About a year and a half ago, the traveling fine arts exhibition “Estamos Aqui” (We Are Here) spent the summer at the Shafer Memorial Gallery in Great Bend. Highlighting work by 40 Hispanic artists, the exhibition is still touring the nation. Back in 2014, though, Hugo Gonzalez was one of the rare locals artists asked to contribute work to the Great Bend show. He submitted his charcoal series “Halftones,” five pieces depicting life situations that often hinder human efforts to achieve happiness. One of those pieces, “Forever Home,” depicted a tiny hand straining to reach the knob on a wooden door covered by tiny handprints. Those handprints are his 3-year-old son’s and the three foster children he and his wife, Angel, have cared for since November 2013.
“I’ve wanted to foster for about 10 years,” said Angel. “I’d seen a boy in my oldest daughter’s kindergarten class who was hungry and dirty, and I just wanted to take him home and care for him. Someone told me that I should do foster care, but we just couldn’t do it then.”
The young couple had their hands full. They were living in Hays, working full-time, and already raising two little girls. In addition, Hugo was a full-time student at Fort Hays State University, studying graphic design. They had neither the time, nor the resources to take in more children. They didn’t seriously consider fostering again until Hugo graduated and they moved to Hoisington. Angel, a department manager for Wal-Mart, was able to transfer to the Great Bend store, and Hugo got a job at the Great Bend Tribune. It seemed as good a time as any to start fostering, so they sat down 13-year-old Jacquelyn, 11-year-old Isabelle, and their little brother Giovanni for a family discussion.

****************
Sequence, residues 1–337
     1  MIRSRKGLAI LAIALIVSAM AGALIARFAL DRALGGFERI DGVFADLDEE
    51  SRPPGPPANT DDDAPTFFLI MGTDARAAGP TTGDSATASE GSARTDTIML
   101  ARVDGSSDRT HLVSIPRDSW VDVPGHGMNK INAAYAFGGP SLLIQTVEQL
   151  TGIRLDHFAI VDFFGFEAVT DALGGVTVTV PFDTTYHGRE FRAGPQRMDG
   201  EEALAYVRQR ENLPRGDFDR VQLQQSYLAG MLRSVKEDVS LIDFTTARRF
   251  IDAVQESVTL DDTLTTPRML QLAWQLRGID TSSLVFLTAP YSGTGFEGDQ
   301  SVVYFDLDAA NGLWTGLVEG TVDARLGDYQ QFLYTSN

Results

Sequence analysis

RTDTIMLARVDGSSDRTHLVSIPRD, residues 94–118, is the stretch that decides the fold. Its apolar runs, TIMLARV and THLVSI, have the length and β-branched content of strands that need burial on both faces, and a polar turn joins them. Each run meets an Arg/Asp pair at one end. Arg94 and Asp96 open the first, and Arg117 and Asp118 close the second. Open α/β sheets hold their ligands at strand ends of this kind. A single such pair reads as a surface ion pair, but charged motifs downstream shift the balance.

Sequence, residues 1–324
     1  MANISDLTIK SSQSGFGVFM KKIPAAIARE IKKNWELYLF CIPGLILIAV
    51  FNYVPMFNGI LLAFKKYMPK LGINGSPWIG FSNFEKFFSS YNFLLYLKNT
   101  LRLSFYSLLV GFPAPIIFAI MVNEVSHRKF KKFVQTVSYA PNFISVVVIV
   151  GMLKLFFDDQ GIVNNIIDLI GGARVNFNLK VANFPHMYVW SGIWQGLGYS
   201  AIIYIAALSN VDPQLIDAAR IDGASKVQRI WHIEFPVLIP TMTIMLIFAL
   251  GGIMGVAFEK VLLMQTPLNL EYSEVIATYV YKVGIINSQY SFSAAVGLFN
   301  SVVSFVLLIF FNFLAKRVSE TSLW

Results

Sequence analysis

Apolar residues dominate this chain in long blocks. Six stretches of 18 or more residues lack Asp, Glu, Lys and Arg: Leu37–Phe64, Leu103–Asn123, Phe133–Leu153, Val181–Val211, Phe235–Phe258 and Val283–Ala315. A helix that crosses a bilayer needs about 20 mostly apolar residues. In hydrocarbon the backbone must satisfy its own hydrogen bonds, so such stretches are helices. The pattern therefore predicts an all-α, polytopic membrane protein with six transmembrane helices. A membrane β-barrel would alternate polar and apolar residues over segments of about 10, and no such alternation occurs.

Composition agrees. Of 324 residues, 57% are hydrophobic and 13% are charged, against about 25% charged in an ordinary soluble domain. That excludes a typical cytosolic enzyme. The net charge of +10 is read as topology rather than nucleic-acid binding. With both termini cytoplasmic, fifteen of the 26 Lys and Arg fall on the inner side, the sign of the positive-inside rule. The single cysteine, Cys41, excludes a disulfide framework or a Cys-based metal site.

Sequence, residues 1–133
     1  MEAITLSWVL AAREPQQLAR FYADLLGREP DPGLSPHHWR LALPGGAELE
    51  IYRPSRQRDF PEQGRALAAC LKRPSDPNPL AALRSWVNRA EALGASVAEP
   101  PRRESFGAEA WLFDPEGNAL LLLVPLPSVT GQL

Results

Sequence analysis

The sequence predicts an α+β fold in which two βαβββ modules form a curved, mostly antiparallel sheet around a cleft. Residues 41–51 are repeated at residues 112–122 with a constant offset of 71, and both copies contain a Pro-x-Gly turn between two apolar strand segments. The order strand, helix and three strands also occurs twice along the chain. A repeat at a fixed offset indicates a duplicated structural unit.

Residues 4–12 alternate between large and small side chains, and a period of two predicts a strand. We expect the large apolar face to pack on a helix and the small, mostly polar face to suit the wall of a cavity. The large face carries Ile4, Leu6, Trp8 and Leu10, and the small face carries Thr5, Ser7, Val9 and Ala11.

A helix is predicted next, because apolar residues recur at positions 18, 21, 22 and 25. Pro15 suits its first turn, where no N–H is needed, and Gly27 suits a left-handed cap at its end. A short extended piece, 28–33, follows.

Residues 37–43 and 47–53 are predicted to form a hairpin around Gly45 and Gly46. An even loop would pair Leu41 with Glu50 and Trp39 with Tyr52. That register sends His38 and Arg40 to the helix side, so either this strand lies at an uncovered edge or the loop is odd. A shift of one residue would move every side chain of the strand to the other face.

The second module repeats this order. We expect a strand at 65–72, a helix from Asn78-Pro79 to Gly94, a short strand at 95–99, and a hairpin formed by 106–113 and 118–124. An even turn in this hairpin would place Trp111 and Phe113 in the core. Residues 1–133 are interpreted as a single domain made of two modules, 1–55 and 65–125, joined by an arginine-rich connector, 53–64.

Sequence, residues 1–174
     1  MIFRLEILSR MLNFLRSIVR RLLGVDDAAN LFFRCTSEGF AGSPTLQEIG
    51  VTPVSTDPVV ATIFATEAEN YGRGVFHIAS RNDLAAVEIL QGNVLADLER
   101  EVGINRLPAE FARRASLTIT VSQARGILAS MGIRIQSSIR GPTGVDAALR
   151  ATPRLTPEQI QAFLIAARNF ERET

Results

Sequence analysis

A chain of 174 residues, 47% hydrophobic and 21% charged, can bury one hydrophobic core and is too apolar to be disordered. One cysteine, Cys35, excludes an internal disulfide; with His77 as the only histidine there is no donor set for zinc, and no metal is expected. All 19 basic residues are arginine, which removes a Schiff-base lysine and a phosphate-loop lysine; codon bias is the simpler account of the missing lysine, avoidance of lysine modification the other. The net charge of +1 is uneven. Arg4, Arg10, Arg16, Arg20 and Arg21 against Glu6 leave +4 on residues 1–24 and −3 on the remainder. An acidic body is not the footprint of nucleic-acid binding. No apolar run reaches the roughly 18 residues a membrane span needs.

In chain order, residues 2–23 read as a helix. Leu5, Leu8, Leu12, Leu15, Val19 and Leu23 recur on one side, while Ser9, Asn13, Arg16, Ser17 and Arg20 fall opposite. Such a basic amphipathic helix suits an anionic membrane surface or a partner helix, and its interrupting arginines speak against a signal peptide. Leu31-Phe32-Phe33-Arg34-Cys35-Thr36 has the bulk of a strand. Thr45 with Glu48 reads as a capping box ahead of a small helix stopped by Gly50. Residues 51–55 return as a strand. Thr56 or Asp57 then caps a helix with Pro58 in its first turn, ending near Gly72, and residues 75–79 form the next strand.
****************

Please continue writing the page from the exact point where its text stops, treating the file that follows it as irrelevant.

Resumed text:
“Our daughters were all for it,” said Angel. “Giovanni, of course, was only a year and a half, but now he’s thrilled. He loves them and considers them his brother and sisters.”
Hugo and Angel earned their license through Saint Francis Community Services and three months later received their first placement, a sibling set of three – a 2-year-old boy and girls ages three and five.
“When we started this, we only intended to take on one child at a time,” said Angel. “But our worker called and said there was this sibling group and that they’d have to separate them if we couldn’t take them. So, I said okay – and we went from three kids to six overnight.”
Right away, Angel noticed that one of the girls didn’t understand sentence construction. Adults had rarely spoken to her, so she had a hard time comprehending syntax. In fact, tests showed that all three were learning delayed. Neither had the children experienced much structure in their lives, so there were also behavioral issues. Angel became a licensed education advocate so she could better help the children catch up in school, while she and Hugo began the patient application of structure and discipline at home. Gradually, the behavioral problems abated and the children began to keep pace with their fellow students. All three now learn at a level consistent with their age and grade.
“We’ve had some challenging moments, but it never occurred to us that we couldn’t handle it,” said Angel. “We just don’t treat them any differently than we treat our own kids. They follow the same rules we’ve used with our own for the last 14 years.”
Hugo and Angel recently learned that their three foster children will soon be available for adoption. The court has terminated parental rights, and Angel already has an adoption packet in hand. Still, they haven’t decided if they’re ready to permanently double the number of children in their family.
“We’re still discussing it,” said Hugo. “We’re about 70 percent towards reaching a decision.”
For the Gonzalez girls and their brother, the decision is a no-brainer.
“The girls want to adopt them,” said Angel. “So does Giovanni. A few months ago, we were talking about him coming out of my stomach when he was born, and he said it was just like (our foster son). I told him that it didn’t actually work that way, that (our foster son) wasn’t really ours. Giovanni started crying and said, ‘He’s ours; he’s my brother.’ I think he would be devastated if they left.
“So, yeah, I think about six kids ... It seems like a lot, but we’ve done it for two years already.”
Hugo is philosophical, and as an artist, he believes people are constantly in search of their better half – and that that better half is happiness.
“That’s why all the figures in ‘Halftones’ are rendered only in part; their better half is yet to be found,” he said.
If warmth and affection are any measure, the Gonzalez family and the children they foster have already found their better halves — by giving happiness to each other.